Board of Advisors: Sharing the Burden

Much has been written on the benefits of including independent voices on boards for closely-held and family businesses.  So why do I and other advisors get so much resistance when recommending a Board of Advisors to our clients?  While I may not agree, I understand resistance to adding independent, voting members to a board of directors.  But a Board of Advisors is just that: A group of trusted advisors without a vote in the formal decision making process. This resistance can often be attributed to a lack of understanding of the Board of Advisors’ role and benefits.  To clarify these issues,

A Seller’s Market for Family Business

A recent Wall Street Journal article  focuses on a potential positive in what is otherwise described as “grim statistics” for family businesses.  The statistics:  Only 30% of family businesses survive into the second generation; 11% survive into the third generation and 3% beyond that.  Use of words like “grim” and “only” connote a terrible fate for the families of businesses that do not “survive”.  However, selling the business can be the best path for many families.  And, as noted in the WSJ article, now is a good time for families to consider selling.

Are family businesses different?

I recently had the opportunity to sit down with a co-founder of a small, entrepreneurial company and learn about his experiences.  The company was formed in 1998 and saw quick, continued growth that was only slightly curtailed by the downturn in 2008-09.  Now, he and his partners are facing challenges as transitions and growth bring in a new, younger group of managers.  Hearing this founder’s story, I was struck by how much his company’s path had in common with a family-owned business as well as what was different.  Here is a short checklist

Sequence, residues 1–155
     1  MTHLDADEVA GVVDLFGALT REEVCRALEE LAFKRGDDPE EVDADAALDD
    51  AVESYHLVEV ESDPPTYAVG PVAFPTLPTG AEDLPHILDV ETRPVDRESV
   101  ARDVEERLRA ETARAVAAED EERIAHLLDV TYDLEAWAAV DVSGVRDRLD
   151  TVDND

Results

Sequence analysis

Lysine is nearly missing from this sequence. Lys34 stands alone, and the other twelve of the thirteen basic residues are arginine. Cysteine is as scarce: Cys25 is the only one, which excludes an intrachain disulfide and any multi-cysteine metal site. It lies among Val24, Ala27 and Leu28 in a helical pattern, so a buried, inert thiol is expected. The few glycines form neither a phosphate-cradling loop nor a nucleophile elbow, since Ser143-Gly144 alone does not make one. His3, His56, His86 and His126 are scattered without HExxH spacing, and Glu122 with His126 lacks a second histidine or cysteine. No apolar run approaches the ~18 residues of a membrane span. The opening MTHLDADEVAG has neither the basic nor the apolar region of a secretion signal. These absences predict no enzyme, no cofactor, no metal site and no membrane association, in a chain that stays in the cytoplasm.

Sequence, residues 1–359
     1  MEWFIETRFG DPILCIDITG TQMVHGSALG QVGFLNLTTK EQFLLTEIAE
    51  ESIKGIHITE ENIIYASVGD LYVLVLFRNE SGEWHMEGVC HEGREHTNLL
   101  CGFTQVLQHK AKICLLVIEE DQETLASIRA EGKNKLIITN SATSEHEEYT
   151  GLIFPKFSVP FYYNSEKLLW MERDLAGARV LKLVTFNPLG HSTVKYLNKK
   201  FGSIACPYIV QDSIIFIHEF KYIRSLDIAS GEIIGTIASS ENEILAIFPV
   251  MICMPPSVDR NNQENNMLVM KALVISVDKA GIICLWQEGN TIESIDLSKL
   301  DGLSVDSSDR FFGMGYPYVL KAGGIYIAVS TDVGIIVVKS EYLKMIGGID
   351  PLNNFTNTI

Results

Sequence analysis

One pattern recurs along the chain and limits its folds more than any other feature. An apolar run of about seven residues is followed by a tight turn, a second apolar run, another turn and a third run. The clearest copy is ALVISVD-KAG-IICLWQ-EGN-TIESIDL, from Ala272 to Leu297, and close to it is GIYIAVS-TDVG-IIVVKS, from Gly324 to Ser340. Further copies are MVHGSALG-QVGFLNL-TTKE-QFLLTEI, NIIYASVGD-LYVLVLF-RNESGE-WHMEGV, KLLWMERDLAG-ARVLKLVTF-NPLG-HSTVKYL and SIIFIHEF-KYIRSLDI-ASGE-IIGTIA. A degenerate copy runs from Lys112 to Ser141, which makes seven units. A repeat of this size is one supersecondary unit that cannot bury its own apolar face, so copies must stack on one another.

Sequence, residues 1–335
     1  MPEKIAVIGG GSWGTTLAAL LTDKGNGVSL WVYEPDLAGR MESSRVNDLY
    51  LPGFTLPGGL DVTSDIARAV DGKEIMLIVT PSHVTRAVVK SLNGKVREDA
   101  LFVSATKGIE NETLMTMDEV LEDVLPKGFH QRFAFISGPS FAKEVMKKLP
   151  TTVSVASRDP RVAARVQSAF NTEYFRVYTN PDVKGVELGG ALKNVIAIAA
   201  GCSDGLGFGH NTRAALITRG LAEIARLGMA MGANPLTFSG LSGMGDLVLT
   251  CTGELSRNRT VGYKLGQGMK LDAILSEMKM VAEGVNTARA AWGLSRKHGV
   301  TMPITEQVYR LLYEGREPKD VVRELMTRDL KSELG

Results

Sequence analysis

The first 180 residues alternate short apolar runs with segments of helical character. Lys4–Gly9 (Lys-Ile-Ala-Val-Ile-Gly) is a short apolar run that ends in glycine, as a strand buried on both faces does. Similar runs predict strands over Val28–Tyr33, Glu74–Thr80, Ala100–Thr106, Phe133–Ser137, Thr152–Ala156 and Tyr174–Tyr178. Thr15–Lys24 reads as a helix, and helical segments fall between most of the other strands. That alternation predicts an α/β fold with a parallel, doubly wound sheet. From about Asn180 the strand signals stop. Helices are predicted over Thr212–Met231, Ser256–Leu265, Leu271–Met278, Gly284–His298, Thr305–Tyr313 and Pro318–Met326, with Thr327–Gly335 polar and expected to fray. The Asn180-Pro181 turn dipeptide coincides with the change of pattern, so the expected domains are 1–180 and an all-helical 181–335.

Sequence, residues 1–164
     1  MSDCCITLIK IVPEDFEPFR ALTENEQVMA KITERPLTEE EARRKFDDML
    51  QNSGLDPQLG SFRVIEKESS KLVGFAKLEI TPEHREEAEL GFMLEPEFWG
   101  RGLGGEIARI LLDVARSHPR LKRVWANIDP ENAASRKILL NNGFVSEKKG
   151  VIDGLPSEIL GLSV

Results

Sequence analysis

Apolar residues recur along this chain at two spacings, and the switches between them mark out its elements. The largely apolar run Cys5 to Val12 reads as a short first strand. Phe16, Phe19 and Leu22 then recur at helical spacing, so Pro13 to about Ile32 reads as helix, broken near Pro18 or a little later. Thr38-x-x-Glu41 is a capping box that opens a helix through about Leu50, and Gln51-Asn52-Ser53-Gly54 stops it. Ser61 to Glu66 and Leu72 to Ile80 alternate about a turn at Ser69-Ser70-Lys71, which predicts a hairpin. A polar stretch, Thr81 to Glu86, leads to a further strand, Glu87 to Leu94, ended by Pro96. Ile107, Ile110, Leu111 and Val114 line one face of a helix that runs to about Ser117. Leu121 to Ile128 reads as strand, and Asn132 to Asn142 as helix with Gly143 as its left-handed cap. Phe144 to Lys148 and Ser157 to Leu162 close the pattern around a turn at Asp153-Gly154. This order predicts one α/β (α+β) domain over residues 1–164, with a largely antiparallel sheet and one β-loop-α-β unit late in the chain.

Communication: What Reddit’s story has to tell all businesses.

It’s been a busy month for Reddit. July has included a major shutdowns, the loss of a CEO and the return of a co-founder who quickly cracked down on errant users.  It’s a storyline that could inspire TV soap opera writers! In reality, there are two, overlapping stories which offer valuable lessons in communication for all managers.

Planning: Don’t put off until tomorrow.

Do you know a business owner with a good idea for expanding their business but they “don’t have the time” to plan out let alone implement the idea?  This is the reason a client engaged my services. His idea was a good one: A natural extension of his market with little competition.  The owner just never took the time to create an implementation plan in the two years since conceiving the idea.  Then the recession hit and the business’ lack of diversification almost put him out of business. So what was my client (or any of us) waiting for?